Thursday, May 15, 2008

Fatherhood and Manliness

For many men fathering a child is proof of their manhood. To get a girl pregnant makes them feel macho. But these "macho men" forget that fathers are supposed to provide their son or daughter with a model of how to live.

In a novel by Chuck Palahniuk called "Fight Club," a group of young men in their twenties and early thirties with dead-end jobs meet in the basement of a bar and beat each other senseless to relieve their boredom. This activity makes them feel like warriors showing off their black eyes and stitches as badges of honor. The common thread these young men have is that they are under-fathered, the product of divorce and of fathers who had no time for them.

The main character says: "I am a thirty-year-old boy....I knew my dad for about six years but I don't remember anything.... What you see at the fight club is a generation of men raised by women."

Consider the recent killings across school campuses in the United States, and one wonders where is the father image? The shocking fact is that the majority of violent crimes are committed by young men between the ages of fifteen and twenty-five. In a recent book by Barbara Dafoe Whitehead, her research confirmed that the absence of fathers is one of the strongest predictors of violence among men. The end result is that when young boys are left alone to grow up, many become destructive forces either to themselves, their families, or society.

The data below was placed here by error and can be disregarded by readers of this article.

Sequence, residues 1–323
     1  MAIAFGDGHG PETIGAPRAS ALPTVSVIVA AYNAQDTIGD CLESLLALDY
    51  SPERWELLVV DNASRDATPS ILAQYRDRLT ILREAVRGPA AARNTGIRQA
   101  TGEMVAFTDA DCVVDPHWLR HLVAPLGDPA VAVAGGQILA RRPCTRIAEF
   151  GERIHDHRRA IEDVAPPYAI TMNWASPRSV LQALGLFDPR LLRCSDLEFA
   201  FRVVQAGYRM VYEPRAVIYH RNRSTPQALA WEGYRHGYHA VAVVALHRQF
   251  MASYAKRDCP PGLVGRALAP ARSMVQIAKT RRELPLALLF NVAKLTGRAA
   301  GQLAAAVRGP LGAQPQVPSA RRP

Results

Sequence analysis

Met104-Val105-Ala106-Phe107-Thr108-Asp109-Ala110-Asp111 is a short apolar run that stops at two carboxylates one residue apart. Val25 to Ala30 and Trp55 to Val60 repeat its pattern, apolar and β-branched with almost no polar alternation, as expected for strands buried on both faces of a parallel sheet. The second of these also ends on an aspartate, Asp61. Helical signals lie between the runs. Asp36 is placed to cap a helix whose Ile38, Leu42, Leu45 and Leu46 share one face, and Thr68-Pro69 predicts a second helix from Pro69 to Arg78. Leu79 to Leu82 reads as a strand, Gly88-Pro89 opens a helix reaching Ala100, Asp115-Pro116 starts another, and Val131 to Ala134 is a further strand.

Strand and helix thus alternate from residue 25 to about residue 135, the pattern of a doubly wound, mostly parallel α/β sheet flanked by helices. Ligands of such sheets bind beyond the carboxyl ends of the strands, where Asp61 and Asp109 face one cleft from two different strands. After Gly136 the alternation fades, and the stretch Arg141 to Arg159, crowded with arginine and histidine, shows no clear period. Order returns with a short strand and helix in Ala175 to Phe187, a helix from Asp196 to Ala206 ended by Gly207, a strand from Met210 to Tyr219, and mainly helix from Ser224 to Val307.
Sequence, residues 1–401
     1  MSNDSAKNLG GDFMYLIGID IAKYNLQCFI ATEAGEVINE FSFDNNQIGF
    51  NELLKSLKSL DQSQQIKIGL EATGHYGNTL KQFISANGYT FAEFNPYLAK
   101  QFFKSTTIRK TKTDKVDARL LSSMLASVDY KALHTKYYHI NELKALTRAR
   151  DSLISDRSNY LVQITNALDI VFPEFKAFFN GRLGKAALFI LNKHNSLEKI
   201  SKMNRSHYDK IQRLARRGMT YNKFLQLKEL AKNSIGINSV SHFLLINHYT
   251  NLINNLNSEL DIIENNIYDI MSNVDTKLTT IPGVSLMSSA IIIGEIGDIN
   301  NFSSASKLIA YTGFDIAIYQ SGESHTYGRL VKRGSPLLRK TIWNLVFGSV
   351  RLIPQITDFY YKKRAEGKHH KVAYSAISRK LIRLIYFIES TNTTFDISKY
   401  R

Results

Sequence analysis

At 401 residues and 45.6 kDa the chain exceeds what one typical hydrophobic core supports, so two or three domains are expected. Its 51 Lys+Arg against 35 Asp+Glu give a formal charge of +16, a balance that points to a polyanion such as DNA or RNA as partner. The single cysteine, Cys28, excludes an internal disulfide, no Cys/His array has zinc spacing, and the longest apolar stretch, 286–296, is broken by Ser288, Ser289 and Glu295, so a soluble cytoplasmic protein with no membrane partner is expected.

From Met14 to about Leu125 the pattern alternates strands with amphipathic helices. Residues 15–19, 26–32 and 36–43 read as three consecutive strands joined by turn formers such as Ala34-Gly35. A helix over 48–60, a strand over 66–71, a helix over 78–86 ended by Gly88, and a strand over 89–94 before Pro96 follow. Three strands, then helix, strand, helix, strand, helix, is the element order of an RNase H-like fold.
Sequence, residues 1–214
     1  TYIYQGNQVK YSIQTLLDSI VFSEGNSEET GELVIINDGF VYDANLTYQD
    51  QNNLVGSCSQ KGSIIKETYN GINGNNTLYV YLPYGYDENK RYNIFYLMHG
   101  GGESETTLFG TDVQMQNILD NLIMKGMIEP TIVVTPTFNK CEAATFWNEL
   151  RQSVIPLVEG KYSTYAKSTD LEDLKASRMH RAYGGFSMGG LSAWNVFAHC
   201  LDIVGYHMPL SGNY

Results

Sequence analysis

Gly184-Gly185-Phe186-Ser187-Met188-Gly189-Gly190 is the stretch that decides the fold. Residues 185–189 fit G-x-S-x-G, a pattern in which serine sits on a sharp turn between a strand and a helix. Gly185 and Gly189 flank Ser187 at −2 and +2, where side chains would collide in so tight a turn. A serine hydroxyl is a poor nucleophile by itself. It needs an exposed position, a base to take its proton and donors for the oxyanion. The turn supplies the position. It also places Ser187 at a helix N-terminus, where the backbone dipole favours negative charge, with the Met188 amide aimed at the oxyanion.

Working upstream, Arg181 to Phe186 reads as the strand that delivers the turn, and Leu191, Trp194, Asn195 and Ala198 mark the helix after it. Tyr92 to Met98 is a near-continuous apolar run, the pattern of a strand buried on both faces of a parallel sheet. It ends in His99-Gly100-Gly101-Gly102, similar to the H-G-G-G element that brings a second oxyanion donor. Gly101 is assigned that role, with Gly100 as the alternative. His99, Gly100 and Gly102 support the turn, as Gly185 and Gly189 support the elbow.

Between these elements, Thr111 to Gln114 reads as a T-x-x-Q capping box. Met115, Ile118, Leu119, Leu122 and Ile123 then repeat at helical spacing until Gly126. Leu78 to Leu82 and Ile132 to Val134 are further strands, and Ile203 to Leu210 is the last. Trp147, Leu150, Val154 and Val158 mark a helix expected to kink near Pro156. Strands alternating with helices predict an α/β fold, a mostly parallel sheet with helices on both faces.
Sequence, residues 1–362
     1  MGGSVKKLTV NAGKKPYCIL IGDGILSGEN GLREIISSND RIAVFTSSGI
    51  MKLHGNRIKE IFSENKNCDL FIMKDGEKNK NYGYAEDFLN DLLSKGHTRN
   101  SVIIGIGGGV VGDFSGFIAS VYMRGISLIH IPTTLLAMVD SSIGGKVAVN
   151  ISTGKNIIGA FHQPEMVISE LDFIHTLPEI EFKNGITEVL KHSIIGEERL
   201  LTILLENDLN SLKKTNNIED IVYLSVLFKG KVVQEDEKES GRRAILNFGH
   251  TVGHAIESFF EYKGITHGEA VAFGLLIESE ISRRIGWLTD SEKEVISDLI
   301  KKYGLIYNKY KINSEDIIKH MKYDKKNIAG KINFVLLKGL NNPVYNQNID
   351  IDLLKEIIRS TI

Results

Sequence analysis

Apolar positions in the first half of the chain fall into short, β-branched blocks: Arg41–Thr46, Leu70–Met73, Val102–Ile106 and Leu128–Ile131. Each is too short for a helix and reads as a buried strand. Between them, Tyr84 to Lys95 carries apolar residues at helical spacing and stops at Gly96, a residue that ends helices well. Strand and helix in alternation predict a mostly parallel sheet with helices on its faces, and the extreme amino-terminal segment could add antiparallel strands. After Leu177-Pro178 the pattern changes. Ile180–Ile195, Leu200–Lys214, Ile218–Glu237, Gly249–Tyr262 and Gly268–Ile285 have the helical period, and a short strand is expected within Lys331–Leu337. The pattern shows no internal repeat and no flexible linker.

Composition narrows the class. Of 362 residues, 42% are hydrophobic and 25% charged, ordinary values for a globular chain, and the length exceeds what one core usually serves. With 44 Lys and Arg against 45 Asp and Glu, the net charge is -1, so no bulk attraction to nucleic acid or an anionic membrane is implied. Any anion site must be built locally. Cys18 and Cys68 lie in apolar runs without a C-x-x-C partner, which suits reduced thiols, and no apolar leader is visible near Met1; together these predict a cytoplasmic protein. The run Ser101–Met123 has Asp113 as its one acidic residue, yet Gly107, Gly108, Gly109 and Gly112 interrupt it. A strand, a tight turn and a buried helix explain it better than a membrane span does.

Who is a young boy to turn to for guidance when his father is absent? Who will teach him how to mingle with other men and treat women in a civilized manner respecting each other? Where is the male outstretched hand for the youngster to grab when he falls down. Men have qualities that must be passed on to young boys that can come only from fathers.

The end for domestic violence will come when real and responsible friendships between men and women return to the highest fulfillment of which all people are capable--moral and intellectual virtues that are the same for men and women at their peaks. Both genders must recognize the diverse qualities that men and women contribute to their children. Fathers who fail to understand them are not fathers but "breeders" only.

We need to return to traditional teachings stressing that men and women share what is good in life. The best way of convincing men to teach their sons manly virtues is to educate them in those traditional virtues of character. We must somehow reach out to all fathers and remind them that his son will soon be a father also. A father is a man when he reaches out and teaches his son the qualities of manhood. Lucky is the son who has a father.

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